The June 2021 Supreme Court decision in NCAA v. Alston, 141 S. Ct. 2141 (2021) allows student athletes to profit from various uses of their name, image, and likeness (NIL). This ruling created an entirely new market schools and students are learning to navigate.
As a result, NIL collectives were created as separate entities from colleges and universities to help facilitate deals for student athletes. Many NIL collectives applied for and received tax exemption under IRC Section 501(c)(3) or were created under an existing 501(c)(3) entity, creating a broader question of if they served an exempt purpose.
With the rapid rise in student athlete NIL deals and NIL collectives, as well as a recent IRS memorandum, colleges and universities need to be aware of the associated tax implications. Below are NIL-related tax areas schools should consider for themselves and their students.
IRS Advice on NIL Collectives
In General Legal Advice Memorandum AM 2023-004 from June 2023, the IRS deemed that many NIL collectives don’t further an exempt purpose to qualify for 501(c)(3) status, arguing that:
- The benefit to private interests is qualitatively and quantitatively more than incidental.
- The primary purpose of making NIL deals serves the private interests of student athletes, not the general public.
- Private benefit of student athletes isn’t a byproduct of an NIL, but a fundamental part of an NIL collective’s activities since compensating student athletes for their NIL is core to the collective’s existence.
- Benefits of NIL collectives are directed to a limited noncharitable class, and student-athletes aren’t a recognized charitable class and aren’t selected based on need.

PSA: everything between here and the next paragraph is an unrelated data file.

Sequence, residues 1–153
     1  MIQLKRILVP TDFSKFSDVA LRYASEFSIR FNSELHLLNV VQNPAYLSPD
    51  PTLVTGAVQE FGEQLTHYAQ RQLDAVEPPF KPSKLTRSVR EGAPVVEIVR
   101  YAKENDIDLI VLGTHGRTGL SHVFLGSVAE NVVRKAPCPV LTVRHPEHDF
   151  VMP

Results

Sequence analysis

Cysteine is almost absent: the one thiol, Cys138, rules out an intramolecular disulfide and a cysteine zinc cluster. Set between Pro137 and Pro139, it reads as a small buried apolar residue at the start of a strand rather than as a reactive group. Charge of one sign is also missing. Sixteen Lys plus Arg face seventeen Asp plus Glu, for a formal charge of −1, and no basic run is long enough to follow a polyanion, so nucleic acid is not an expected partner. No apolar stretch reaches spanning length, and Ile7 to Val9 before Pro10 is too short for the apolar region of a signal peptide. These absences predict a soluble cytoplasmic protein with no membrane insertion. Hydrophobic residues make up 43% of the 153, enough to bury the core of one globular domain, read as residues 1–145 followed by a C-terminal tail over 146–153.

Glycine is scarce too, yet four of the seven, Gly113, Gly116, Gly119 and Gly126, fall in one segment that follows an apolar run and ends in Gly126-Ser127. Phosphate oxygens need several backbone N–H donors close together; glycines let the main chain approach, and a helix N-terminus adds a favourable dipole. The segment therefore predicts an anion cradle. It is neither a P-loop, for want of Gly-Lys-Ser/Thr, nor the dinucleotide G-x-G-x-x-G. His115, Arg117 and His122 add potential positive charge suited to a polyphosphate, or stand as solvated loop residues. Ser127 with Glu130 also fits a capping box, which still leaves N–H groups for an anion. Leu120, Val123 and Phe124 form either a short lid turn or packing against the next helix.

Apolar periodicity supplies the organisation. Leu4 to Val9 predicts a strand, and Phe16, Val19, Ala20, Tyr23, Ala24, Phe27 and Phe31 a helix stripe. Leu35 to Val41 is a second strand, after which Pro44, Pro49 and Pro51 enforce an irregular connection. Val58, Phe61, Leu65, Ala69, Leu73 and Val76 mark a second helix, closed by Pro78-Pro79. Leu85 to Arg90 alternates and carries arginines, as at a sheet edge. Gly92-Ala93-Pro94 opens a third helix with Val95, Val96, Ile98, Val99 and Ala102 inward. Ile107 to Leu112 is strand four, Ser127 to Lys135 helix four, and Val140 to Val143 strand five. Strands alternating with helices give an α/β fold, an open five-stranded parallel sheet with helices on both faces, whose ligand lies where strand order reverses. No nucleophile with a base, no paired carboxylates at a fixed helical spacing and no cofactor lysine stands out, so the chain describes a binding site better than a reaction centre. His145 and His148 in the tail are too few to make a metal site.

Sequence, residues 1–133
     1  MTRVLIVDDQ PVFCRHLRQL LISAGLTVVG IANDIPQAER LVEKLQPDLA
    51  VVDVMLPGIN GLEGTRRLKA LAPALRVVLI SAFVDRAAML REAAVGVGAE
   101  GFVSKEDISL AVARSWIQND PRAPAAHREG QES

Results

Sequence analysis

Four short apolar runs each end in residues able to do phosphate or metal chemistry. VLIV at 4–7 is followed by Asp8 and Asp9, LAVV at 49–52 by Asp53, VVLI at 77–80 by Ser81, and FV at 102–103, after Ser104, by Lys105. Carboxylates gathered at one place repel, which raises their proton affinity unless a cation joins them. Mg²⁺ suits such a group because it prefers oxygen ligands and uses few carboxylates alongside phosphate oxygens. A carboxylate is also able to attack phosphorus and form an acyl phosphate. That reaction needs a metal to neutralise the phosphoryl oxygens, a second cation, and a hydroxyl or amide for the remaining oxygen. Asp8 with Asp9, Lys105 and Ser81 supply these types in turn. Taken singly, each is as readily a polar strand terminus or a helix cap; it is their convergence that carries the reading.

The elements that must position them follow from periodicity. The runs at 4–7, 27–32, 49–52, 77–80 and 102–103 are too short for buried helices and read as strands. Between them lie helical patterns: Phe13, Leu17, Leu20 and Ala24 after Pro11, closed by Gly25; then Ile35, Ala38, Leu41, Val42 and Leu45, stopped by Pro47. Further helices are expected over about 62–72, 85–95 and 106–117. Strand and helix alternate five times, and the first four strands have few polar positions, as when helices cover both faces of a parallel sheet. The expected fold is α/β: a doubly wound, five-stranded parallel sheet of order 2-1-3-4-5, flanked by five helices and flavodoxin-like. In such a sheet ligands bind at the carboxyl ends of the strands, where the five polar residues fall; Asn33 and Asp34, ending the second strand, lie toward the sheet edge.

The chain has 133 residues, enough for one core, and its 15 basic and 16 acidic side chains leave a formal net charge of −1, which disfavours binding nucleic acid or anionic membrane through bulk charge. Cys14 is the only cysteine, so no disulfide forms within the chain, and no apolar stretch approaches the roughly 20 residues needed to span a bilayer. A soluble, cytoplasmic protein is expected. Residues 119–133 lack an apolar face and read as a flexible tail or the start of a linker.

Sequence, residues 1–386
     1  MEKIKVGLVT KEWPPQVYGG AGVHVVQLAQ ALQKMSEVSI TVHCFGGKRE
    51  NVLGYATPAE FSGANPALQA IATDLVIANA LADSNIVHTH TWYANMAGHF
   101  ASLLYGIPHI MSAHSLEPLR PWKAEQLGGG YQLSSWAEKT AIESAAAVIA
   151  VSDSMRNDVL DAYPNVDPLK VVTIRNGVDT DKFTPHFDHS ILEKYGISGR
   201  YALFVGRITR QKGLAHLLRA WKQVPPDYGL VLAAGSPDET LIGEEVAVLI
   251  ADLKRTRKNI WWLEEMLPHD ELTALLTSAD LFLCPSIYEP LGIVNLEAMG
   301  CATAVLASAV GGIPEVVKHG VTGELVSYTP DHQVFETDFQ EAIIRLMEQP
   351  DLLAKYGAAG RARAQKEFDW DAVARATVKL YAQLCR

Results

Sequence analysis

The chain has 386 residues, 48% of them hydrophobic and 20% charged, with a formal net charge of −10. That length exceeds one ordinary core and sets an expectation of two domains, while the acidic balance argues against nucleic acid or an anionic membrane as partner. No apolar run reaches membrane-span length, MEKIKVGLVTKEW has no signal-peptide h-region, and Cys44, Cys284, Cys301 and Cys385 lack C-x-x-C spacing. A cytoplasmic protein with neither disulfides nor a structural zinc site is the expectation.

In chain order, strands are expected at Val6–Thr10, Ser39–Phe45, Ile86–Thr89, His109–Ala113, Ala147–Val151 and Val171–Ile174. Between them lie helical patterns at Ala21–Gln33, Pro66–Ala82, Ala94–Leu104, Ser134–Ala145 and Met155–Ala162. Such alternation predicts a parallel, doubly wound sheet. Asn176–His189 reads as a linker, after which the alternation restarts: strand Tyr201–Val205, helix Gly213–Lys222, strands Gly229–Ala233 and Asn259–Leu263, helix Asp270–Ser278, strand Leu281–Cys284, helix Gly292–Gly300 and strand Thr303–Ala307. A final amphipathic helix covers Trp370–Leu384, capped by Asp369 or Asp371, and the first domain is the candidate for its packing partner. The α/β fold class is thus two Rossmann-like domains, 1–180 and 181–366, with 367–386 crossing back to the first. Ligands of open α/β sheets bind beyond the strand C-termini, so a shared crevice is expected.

- When an organization serves public and private interests, private benefit must be incidental to the overriding public interest.
Thus, the IRS concluded that private benefit isn’t incidental to the NIL’s activities, resulting in a substantial nonexempt purpose that precludes tax exemption under 501(c)(3). This has led to some NIL collectives closing due to expected IRS scrutiny.
Tax Implications for Colleges and Universities
Protect Tax Exempt Status and Mission
Colleges and universities can risk their own tax-exempt status if they are participating in activities that provide more than an incidental benefit to the private interests of student athletes and they aren’t abiding by NCAA policies regarding NIL deals.
Here’s an overview of the NCAA’s policies:
- Schools can’t create a marketplace for matching students with NIL opportunities or enter deals on behalf of an athlete.
- Schools can inform student athletes about available NIL deals.
- Schools can promote a student’s NIL activity when there’s no cost to that promotion, such as sharing a social media post.
- Schools can promote a student athlete’s NIL activities on the school’s paid platforms if it requires the student athlete to pay the so-called going rate charged to other advertisers on those platforms.
- Students aren’t permitted to promote their NIL activities during required school athletic events.
- School employees aren’t permitted to work for or own NIL collectives.
- Schools can’t make donations or cash payments to NIL collectives.
Schools can provide tickets to NIL collectives as long as they’re provided under the same terms as other sponsorships. Report NIL Donations and Grants Correctly